Now, on our journey to planet #2, inhabited by Dr. Mann, I’ll take a break from the play by play to my main gripe about the film. In reading the above, believe it or not, I mostly liked the movie and I look forward to dissecting it more when it comes out on home video. While sure, the writing is filled with the standards of science fiction and the argument is DEFINITELY there that in trying to be this generation’s 2001 it really doesn’t quite make it. And I’m leaving a bunch of stuff out, believe it or not…given this review’s length. Hell, I haven’t even mentioned middle-aged Murphy, played by Jessica Chastain or old Murphy. But it’s in our investigation of planet #2 where this movie did something that made me say “movie, I wanted to like you.” And for the most part, I still did…in spite of this next thing. And it was kind of a biggie. Going back and forth from planet #2 to what’s going on back on Earth with Michael Caine and middle-aged Murph, now working at NASA, both of them end up using the same narrative crutch: I lied. Whether it’s Dr. Brand saying that he lied about solving the equations of gravity that would allow the Earth’s current population to be saved or Dr. Mann fudging his data just so that someone would come and pick him up off the icy “Hoth looks like Bermuda in comparison” planet #2, this crutch used twice…and in such close proximity…made me think that this movie should’ve borrowed its title from one of Al Franken’s books: “Lies and the Lying Liars that Tell Them…IN SPAAAAAAACE!” Okay, that last bit’s mine. Still. It just made me to start hating everyone that was left in the movie. Mann was a crazy jackass, Anne Hathaway was being whiny because she didn’t get her way and has to wait to see her boyfriend. Sure, McConaughey’s Cooper is doing the stereotypical “I gotta make it back for my family” sort of thing…but that’s just it, it’s expected, and I was okay with it BECAUSE it was expected. The black guy (hate to keep referring to him as that…hang on…google search…ah, here we are, Romilly)…ahem, Romilly ends up getting exploded by one of Mann’s “hey, I’m crazy and no one must learn the truth” booby-traps. Thus marking the end of a character that…well, at least he was honest. Murph’s all right once she gets over her abandonment issues but by that point...we're way deep in the movie.
With planet #2 being a bust…and all the shenanigans that ensue from that, well, now we’ve got a wounded ship that’ll never make it to planet #3 because…oh, hi there black hole! So that Anne Hathaway can go and see her boyfriend, well, they queue up another Sci-Fi greatest hit, using remaining ships/landers/whatever as boosters, jettisoning them (and those within them) once the fuel runs out. This ends up offing CASE and, oh noes, Cooper.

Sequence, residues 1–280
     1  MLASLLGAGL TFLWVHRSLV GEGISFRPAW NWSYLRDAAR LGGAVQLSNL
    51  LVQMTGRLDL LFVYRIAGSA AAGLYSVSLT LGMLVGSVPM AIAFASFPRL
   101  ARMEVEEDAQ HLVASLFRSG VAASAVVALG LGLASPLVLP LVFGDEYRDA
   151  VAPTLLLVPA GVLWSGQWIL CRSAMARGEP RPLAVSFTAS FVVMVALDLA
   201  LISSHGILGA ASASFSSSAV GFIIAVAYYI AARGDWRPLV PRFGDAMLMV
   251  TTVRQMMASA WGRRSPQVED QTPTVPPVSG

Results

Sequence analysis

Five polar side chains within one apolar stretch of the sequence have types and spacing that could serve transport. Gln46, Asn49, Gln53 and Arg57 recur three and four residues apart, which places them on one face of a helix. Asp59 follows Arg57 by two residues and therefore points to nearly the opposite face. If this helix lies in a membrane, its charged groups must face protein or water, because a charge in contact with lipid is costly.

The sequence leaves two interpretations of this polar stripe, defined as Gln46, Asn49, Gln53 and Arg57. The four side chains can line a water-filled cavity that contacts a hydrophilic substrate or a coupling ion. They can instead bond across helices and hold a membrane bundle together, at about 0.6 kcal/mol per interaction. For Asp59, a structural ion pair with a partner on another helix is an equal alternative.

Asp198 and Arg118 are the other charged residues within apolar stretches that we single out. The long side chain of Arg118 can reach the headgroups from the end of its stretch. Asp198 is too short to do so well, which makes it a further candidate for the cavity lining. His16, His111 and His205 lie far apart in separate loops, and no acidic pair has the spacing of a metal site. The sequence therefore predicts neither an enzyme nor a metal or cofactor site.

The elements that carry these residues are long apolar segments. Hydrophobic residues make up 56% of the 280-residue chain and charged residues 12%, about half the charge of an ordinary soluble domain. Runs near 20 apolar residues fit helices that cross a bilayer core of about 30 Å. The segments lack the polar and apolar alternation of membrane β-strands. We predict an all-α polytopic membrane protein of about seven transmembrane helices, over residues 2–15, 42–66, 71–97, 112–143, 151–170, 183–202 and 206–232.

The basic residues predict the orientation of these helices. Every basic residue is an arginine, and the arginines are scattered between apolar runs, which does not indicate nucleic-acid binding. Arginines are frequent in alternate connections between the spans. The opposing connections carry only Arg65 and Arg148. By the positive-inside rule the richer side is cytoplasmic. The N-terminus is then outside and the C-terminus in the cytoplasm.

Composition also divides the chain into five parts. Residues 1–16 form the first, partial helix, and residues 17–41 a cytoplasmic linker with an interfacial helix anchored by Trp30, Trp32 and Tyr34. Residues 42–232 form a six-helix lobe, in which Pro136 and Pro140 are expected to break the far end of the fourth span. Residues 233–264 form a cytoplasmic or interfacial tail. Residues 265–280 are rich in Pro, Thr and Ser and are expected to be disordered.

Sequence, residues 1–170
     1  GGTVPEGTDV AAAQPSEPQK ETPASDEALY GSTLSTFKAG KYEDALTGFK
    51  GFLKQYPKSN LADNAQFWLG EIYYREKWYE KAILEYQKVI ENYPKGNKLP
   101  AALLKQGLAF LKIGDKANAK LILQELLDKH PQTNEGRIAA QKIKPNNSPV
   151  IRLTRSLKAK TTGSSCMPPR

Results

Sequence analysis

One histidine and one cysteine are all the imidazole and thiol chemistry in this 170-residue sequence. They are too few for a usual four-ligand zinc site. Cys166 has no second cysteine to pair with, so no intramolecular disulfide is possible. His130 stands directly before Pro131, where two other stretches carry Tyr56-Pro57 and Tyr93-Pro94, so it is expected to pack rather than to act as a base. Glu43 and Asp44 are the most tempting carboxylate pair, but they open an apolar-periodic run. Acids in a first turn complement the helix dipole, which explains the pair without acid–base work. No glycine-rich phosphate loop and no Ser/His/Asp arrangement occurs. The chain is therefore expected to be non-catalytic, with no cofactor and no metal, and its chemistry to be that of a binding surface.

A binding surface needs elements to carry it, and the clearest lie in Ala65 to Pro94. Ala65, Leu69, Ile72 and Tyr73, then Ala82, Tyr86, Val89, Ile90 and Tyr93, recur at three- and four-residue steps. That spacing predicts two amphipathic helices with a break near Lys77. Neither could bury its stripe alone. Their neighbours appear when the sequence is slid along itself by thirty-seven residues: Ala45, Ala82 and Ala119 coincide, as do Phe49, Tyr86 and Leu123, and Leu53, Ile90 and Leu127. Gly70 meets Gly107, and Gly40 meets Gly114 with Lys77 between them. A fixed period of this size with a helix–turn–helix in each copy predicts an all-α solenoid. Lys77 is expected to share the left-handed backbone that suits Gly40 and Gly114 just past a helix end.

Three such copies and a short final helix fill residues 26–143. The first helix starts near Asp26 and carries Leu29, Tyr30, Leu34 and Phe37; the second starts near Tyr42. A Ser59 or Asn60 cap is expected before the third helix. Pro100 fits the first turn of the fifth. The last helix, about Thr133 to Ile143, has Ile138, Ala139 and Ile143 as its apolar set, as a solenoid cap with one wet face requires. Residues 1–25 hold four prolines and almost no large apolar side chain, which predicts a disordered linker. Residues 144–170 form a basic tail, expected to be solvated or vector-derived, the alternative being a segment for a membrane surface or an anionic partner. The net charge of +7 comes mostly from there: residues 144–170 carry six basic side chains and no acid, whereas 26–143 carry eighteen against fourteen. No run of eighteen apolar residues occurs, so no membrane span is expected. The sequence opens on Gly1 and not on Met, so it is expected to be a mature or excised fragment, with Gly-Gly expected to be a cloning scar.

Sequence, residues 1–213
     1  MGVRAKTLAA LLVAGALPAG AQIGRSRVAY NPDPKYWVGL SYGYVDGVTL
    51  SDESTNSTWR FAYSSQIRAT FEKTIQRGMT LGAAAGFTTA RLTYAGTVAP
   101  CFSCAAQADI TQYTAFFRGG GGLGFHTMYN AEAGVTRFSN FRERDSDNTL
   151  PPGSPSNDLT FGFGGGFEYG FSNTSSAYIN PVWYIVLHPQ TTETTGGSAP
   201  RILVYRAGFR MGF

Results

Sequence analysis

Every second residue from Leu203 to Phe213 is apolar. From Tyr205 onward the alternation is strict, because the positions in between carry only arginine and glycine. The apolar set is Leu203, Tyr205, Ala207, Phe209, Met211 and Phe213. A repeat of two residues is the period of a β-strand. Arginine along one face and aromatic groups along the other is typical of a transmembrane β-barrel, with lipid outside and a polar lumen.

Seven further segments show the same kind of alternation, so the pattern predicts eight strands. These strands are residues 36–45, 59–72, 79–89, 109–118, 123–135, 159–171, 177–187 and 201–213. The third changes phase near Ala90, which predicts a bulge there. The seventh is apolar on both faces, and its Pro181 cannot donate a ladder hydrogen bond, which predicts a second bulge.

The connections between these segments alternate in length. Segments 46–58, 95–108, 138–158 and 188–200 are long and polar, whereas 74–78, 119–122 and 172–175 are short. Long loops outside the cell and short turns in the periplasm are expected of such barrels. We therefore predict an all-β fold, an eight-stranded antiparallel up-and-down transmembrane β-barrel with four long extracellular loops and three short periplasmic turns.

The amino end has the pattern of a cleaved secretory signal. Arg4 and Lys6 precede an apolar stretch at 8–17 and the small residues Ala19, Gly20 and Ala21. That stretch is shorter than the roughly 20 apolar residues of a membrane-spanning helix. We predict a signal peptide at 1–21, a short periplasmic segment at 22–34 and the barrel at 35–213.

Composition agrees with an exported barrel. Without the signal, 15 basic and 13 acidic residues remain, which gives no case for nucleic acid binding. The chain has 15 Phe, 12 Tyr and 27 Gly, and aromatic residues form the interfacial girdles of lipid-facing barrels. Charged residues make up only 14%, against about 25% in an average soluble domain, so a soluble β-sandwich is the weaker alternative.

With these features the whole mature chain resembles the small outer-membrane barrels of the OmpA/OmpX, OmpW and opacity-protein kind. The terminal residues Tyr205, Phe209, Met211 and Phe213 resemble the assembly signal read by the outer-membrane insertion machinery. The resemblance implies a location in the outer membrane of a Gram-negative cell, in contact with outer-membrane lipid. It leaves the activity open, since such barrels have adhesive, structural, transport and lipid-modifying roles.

OR DOES IT…?
Yup, we’re in 2001 territory again, folks…or, perhaps more appropriately, a mix of 2001 and Disney’s The Black Hole (which never really gets the attention it deserves I feel…) with just a dash of Mr. Mxyzptlk. Turns out Coop doesn’t die in the black hole, but is now in the Fifth Dimension where he’s about to have a Crisis on Infinite Bookshelves! I need to trademark that before DC gets it. It’s in this higher plane that Cooper is able to see all of time spread out before him, but it’s not the cool ‘all of time’ that The Doctor sees outside the windows of his TARDIS. No…this is all of time as if he were stuck behind Murphy’s bookshelf. Let me tell you, that really makes me want to get crackin’ on that whole time travel thing, how about you? (I just realized that could be taken in a creepy, stalker way…no…I don’t want to be stuck behind a little girl’s bookshelves…actually, I just don’t want to be stuck behind bookshelves, period…and if that’s where time-travel gets us…fuck it.) It’s here we find out the secret of Murphy’s ‘ghost’ and the cyclical nature of the film. Once Cooper’s task is done here, including one final message to middle-aged Murph, the powers that be kick him out of the tesseract…because…reasons. Like, this review is going on too damn long reasons. We, and future humanity, find Coop floating outside the wormhole where, as fate would have it, future humanity has a space colony nearby. Enough with the play by play…watch the damn movie, let’s just skip to my opinion or wrap up.
I wanted to really like this movie. And to be honest, I do. Visually, it’s amazing…some things we’ve seen before, just better and some new things too. As you can tell above, there’s things to like in the story and there’s things that are just gonna nag at you. And by nag I mean the sort of nagging that you get from your significant other…the type you TRY to block out…but it just keeps hitting that one nerve, the one that makes you twitch and think about murder. You know the one. In interviews, I’ve read Nolan defend his film in saying that it requires multiple viewings to soak it all in and he’s likely right. And I look forward to the Blu-Ray release so that I can do that. But coming straight out of the movie, it looks more to me like Science Fiction’s Greatest Hits compilation album…and it’s one of those bands that has songs you really love and songs you REALLY hate. Interstellar puts them all on one disc and seeds the bad amongst the good. Fortunately, this doesn’t hurt the narrative flow and never detracts from the awesome spectacle…but also makes you anticipate a return to the cool shit so you can get as far away from the lying or the moping or whatever as quickly as you can! Ultimately, while flawed, if a movie like this can re-ignite the passion Americans once had for spaceflight and space exploration, then I may take back all of what I said above and hail this movie the way most popular reviewers have. If it fails in that regard, well, the movie gets an A for effort…and an A+ for sticking the finger up to those Apollo conspiracy theory asshats.